Vivaldi’s Jon von Tetzchner has called on Microsoft to stop trying to foist Edge on Windows 10 users.
In case you haven’t heard about Vivaldi before, it’s a Chromium-based “non-conformist” desktop Web browser that goes in the opposite direction to the mainstream. While the major players like Chrome or Firefox are stripping the browser to its bare essentials, Vivaldi offers more and more integrated features and customisation options.
In an in-depth interview, we talk about everything from why Vivaldi is good for web designers to how many users it has and if the Internet of Things is something the company will focus on, going forward.
Vivaldi can’t be a browser for everyone by itself – everyone has to make Vivaldi into a browser for themselves; Vivaldi only offers the ability to do so, with its incredible layout customization engine and a mind-numbing amount of features that can be turned on or off with a click.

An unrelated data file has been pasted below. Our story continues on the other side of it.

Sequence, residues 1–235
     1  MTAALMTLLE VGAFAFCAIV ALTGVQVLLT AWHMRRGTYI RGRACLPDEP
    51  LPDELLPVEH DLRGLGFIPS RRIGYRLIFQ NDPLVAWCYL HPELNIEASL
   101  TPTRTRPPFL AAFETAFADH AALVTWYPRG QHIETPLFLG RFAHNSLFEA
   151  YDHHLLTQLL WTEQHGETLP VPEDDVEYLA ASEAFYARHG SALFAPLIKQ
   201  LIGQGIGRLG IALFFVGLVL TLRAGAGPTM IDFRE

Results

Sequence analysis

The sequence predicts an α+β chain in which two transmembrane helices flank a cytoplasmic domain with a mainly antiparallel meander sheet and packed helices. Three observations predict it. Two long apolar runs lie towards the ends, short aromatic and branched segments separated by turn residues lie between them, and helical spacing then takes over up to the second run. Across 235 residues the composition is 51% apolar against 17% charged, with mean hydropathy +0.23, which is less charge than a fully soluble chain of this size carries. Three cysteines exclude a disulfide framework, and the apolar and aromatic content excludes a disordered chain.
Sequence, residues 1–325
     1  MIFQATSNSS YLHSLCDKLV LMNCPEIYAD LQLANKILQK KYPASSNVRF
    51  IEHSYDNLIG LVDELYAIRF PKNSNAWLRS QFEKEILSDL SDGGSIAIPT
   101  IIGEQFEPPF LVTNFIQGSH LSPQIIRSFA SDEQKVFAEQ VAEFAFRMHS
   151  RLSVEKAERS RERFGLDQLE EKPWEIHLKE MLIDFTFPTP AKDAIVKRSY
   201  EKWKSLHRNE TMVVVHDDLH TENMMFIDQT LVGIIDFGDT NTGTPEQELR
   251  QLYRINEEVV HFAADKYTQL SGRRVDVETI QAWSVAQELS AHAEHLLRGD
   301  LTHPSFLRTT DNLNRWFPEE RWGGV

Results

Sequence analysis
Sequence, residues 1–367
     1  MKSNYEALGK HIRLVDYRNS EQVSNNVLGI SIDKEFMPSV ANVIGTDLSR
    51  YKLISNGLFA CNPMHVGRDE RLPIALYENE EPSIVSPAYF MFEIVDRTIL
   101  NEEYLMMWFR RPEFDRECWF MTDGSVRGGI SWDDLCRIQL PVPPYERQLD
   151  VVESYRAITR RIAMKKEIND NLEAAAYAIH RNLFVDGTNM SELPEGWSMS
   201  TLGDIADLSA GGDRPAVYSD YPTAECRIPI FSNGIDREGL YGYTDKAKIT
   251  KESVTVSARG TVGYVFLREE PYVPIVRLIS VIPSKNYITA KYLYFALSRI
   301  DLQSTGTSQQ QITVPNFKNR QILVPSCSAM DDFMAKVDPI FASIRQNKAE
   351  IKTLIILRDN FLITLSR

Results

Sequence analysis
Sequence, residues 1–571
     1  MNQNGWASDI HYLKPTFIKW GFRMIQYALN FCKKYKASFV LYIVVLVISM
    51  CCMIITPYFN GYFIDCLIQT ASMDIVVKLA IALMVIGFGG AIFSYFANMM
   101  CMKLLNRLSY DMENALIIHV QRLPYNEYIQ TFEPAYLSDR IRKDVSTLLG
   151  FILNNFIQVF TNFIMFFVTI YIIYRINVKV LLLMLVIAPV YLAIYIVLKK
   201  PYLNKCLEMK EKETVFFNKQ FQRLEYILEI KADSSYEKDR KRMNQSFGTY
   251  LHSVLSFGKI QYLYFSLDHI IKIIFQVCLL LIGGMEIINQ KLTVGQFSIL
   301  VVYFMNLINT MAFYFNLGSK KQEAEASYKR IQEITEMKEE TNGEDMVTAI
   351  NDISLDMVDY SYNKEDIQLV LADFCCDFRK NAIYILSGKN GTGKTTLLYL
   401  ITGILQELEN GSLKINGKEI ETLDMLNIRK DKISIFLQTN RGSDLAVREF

Version 1.6 – available for Mac, Windows and Linux – debuts three new features, all revolving around the browser’s flexible tab management system. The highlight of these is the new tab notification feature
Vivaldi 1.6 puts the focus on tabs, making several tweaks and adding new features to improve the browsing experience when you have a bevy of different pages open at once.
Among other cool new features introduced in Vivaldi 1.6, we can mention the ability to save open tabs as a session, making it a lot easier to organize and access multiple browsing sessions, support for nicknaming individual bookmarks for quicker access, as well as support for viewing two or more web pages through tab stack tiling.
We speak to Tatsuki Tomita, COO and co-founder of Vivaldi, to find out what it can offer power users.